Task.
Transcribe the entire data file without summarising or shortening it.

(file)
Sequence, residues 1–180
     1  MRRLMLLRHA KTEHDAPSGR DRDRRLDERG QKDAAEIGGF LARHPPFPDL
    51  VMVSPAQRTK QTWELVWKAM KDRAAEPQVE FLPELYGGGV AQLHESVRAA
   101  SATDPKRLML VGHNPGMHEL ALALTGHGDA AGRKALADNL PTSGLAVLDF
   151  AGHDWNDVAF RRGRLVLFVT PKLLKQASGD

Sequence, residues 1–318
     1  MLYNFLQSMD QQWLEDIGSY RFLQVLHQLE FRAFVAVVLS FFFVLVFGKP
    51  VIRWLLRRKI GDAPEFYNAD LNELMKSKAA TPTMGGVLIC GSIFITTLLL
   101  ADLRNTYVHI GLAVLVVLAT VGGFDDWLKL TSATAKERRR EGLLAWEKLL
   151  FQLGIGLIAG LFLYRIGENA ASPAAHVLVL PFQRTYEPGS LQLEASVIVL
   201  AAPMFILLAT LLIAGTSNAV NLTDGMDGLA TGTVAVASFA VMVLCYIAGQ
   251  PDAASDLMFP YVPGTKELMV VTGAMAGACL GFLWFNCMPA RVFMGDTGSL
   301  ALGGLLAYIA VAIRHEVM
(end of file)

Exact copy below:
Sequence, residues 1–180
     1  MRRLMLLRHA KTEHDAPSGR DRDRRLDERG QKDAAEIGGF LARHPPFPDL
    51  VMVSPAQRTK QTWELVWKAM KDRAAEPQVE FLPELYGGGV AQLHESVRAA
   101  SATDPKRLML VGHNPGMHEL ALALTGHGDA AGRKALADNL PTSGLAVLDF
   151  AGHDWNDVAF RRGRLVLFVT PKLLKQASGD

Sequence, residues 1–318
     1  MLYNFLQSMD QQWLEDIGSY RFLQVLHQLE FRAFVAVVLS FFFVLVFGKP
    51  VIRWLLRRKI GDAPEFYNAD LNELMKSKAA TPTMGGVLIC GSIFITTLLL
   101  ADLRNTYVHI GLAVLVVLAT VGGFDDWLKL TSATAKERRR EGLLAWEKLL
   151  FQLGIGLIAG LFLYRIGENA ASPAAHVLVL PFQRTYEPGS LQLEASVIVL
   201  AAPMFILLAT LLIAGTSNAV NLTDGMDGLA TGTVAVASFA VMVLCYIAGQ
   251  PDAASDLMFP YVPGTKELMV VTGAMAGACL GFLWFNCMPA RVFMGDTGSL
   301  ALGGLLAYIA VAIRHEVM